Our problems are better

As this is written, the Midwest and Northeast on the Mainland have just been through a major blizzard and now are looking at the prospect of record low temperatures.

Folks who like to talk about such things have begun referring to what they used to term “global warming” as “climate change.” Since two ships are now stuck in ice during Antarctica’s summer, it’s hard to argue that what is happening is just a warming of the planet.

Here on Maui, there is a fear that climate change may have ruined the dynamics of the Plantation Course at Kapalua, where the Hyundai Tournament of Champions is played. The course was designed with the trade winds in mind. When they don’t blow, holes that play into them are ridiculously easy; holes that play with them are unreachable.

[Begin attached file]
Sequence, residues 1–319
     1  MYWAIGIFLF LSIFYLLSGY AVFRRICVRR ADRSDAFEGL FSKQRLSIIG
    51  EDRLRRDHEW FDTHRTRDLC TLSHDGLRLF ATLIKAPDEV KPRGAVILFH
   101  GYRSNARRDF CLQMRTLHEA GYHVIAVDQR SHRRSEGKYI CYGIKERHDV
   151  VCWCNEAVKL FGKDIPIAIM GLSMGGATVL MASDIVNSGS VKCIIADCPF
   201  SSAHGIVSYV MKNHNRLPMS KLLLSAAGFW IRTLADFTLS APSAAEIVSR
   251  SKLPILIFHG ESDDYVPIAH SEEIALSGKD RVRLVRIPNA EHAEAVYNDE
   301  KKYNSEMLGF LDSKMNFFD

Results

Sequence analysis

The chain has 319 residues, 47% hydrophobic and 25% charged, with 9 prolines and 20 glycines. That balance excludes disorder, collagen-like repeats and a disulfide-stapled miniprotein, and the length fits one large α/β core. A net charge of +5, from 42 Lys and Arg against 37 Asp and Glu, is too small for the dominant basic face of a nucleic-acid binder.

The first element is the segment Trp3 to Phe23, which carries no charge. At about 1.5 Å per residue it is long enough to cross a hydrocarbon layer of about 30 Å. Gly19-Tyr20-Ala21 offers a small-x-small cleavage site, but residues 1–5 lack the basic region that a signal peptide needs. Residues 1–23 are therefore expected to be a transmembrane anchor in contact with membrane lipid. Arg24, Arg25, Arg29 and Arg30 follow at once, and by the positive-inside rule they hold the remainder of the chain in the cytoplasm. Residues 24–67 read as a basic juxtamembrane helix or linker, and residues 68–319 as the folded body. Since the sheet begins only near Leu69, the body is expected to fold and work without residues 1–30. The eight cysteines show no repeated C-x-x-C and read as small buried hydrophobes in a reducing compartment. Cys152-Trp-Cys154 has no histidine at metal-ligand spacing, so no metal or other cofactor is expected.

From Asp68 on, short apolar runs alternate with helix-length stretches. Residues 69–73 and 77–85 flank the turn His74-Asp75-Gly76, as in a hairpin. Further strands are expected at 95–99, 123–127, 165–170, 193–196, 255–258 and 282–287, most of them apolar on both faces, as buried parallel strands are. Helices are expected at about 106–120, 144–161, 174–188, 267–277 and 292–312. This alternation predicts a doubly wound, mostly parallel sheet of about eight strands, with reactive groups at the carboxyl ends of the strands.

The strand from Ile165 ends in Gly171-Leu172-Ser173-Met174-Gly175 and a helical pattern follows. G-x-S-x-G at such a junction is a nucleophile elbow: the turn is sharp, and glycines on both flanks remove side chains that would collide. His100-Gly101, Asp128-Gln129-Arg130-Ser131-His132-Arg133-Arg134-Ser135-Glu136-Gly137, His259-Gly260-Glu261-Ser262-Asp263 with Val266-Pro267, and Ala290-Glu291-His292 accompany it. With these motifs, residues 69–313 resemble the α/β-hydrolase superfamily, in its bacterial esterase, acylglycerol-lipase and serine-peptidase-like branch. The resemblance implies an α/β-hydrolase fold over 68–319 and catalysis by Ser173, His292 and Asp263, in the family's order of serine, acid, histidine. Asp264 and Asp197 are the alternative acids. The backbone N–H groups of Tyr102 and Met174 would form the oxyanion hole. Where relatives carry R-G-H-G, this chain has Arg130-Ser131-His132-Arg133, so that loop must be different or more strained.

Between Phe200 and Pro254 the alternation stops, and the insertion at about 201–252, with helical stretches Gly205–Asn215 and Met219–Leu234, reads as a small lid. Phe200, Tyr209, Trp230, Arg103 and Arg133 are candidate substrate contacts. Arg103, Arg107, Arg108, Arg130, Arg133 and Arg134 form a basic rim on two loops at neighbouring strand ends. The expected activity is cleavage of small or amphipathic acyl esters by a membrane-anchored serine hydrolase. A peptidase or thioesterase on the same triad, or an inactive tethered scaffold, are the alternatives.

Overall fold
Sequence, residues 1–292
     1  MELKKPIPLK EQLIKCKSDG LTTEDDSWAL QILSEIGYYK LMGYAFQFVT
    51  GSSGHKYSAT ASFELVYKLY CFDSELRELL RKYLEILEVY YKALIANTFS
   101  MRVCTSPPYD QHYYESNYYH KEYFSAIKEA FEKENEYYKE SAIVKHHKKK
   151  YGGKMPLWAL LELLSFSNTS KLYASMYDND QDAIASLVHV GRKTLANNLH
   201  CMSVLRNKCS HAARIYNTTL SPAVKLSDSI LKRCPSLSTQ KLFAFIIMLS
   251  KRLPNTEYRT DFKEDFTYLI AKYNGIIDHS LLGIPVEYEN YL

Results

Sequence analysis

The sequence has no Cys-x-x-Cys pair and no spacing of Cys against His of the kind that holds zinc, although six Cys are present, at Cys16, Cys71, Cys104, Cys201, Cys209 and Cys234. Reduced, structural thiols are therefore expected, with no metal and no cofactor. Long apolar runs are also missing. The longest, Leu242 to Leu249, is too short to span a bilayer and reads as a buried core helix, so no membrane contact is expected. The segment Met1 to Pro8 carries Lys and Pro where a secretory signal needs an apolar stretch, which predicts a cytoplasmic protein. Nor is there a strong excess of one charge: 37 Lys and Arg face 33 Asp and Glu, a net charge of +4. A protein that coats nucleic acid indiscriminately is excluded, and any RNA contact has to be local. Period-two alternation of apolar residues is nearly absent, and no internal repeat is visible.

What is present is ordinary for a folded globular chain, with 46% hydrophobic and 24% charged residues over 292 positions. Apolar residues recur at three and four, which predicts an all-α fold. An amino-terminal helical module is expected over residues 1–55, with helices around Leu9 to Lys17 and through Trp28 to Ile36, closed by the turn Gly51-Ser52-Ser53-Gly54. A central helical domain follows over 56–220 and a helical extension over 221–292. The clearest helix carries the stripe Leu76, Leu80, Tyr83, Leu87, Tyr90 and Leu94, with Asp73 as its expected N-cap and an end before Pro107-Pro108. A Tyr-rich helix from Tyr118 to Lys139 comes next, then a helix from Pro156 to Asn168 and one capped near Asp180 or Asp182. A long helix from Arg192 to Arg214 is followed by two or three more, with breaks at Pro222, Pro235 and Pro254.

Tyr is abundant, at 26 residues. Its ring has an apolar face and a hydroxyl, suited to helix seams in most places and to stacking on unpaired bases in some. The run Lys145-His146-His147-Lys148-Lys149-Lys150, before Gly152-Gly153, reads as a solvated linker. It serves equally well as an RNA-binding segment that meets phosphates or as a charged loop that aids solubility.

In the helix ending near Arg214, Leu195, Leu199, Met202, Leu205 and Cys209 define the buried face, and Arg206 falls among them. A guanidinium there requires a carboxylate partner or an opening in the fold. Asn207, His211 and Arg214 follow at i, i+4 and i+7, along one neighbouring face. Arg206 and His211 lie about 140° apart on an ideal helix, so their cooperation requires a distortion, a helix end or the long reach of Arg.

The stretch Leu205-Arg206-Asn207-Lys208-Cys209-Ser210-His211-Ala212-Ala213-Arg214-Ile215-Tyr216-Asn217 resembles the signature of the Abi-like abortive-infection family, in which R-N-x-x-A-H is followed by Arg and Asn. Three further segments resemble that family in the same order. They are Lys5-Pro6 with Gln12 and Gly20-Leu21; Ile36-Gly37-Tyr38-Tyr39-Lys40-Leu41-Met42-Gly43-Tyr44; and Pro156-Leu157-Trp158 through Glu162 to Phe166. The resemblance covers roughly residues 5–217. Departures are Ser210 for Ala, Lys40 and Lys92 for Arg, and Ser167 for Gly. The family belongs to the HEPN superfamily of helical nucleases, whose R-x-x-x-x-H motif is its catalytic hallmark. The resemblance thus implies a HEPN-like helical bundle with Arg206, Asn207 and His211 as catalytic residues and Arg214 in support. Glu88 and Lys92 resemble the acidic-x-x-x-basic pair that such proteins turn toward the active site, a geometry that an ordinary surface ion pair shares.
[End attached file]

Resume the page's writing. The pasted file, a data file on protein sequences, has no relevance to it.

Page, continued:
Television golf commentator and Kapalua resident Mark Rolfing has opined that a course that was designed with 300 days a year of trade winds in mind might need a bit of tweaking when a bunch of those days now have no wind – or, worse, Kona winds.

While we do not want to make light of the problems of fewer trade-wind days, we would gladly take our problems when compared to those on the Mainland. Yes, we undoubtedly have more voggy days without the trades, but we are not facing minus-30 degree wind chill factors.

If you are a Mainland resident, this is still the place to visit in winter.

We are not as worried about the Plantation Course as Mark and the PGA professionals, either. We can’t get to any of those trade-wind holes in regulation even with a 40 miles per hour breeze at our back.

Being a hacker gives you fewer things to worry about than being a pro.

* Editorials reflect the opinion of the publisher.